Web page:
Subpopulation of parvalbumin (PV) -expressing GABAergic neurons visible throughout mouse hemisphere labelled with anti-PV, 3.6X.

Whole Organ Mapping

LifeCanvas provides exceptional-quality whole organ mapping services to meet and surpass your research goals. We possess extensive expertise in tissue processing and imaging, and robust image analysis methods for complex, information-rich datasets. Just send us your PFA-fixed samples, and we’ll do the rest.

Left: Mouse spinal cord labeled with tdTomato. Sample courtesy of Lai Lab, UT Southwestern. Scale bar = 300 µm.

Leverage our comprehensive pipeline

Figure 1. SHIELD cross-links biological samples.
Tissue Preservation
Optical Clearing
Light Sheet Imaging
3D Image Analysis

Featured Applications

We have perfected technology to label and image c-FOS+ cells throughout the CNS. We also offer robust models for detecting c-FOS+ cells in murine brain samples and provide cell counts, densities, and heat maps quantifying levels of regional neural activity registered to the Allen Brain Atlas.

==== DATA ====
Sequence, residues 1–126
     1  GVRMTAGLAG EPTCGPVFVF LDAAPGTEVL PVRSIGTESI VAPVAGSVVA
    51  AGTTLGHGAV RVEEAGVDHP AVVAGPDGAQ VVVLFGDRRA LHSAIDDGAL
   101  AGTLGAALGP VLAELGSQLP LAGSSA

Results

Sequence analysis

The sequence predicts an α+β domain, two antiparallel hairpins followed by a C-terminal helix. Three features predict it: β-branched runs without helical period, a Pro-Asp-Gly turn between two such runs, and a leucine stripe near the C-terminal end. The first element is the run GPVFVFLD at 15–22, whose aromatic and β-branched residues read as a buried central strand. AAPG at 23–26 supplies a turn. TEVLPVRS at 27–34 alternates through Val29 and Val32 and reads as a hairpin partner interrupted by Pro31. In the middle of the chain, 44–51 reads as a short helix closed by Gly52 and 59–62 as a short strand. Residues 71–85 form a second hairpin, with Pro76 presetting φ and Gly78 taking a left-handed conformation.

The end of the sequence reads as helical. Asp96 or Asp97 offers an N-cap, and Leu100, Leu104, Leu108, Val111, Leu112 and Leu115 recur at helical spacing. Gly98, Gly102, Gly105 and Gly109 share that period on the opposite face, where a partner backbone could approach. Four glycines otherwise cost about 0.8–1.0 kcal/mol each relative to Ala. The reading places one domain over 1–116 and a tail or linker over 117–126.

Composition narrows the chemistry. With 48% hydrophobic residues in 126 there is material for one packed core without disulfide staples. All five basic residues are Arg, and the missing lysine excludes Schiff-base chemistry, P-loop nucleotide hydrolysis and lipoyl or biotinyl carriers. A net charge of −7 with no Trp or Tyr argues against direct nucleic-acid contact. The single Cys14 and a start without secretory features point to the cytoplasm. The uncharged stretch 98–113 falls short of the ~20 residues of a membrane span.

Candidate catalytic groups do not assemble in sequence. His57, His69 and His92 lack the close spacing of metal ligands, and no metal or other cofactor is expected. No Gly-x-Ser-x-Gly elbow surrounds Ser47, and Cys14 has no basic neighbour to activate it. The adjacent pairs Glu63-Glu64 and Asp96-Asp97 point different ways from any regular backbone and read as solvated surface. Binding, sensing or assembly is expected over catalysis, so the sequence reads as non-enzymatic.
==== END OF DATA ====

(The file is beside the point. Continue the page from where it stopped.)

Right: Hippocampus and cortex in sagittal plane of mouse brain left hemisphere stained with anti-c-FOS (white), with detected cells in red. 3.6X, scale bar = 500 µm.

LifeCanvas offers researchers the opportunity to process and analyze samples for β-amyloid deposition (e.g. in Alzheimer’s disease) and for the accumulation of α-synuclein in Lewy Bodies (e.g. in Parkinson’s disease). Images are registered to the Allen Brain Atlas and levels of protein aggregation are determined for regionally specific brain areas.

Left: GFAP (cyan) and Beta-amyloid plaques (magenta) in 5xFAD mouse brain model of Alzheimer’s disease. 15X, scale bar = 100 µm. Sample courtesy of Epp Lab, University of Calgary.

LifeCanvas can clear and image brain samples which include endogenous fluorescent reporters tagging select cells and processes. Our versatile technologies can be employed to label multiple targets, including specific cell types (e.g. neurons, glia), nuclei, and vasculature. We can also process multiple organ or sample types using tissue-specific markers.

Right: Mouse duodenum segment, labeled with lectin (red, vasculature) and anti-Olfm4 (cyan, stem cell marker). Sample courtesy of Dr. Chaudhry, Ferrara Bone Marrow Transplantation Lab, Icahn School of Medicine.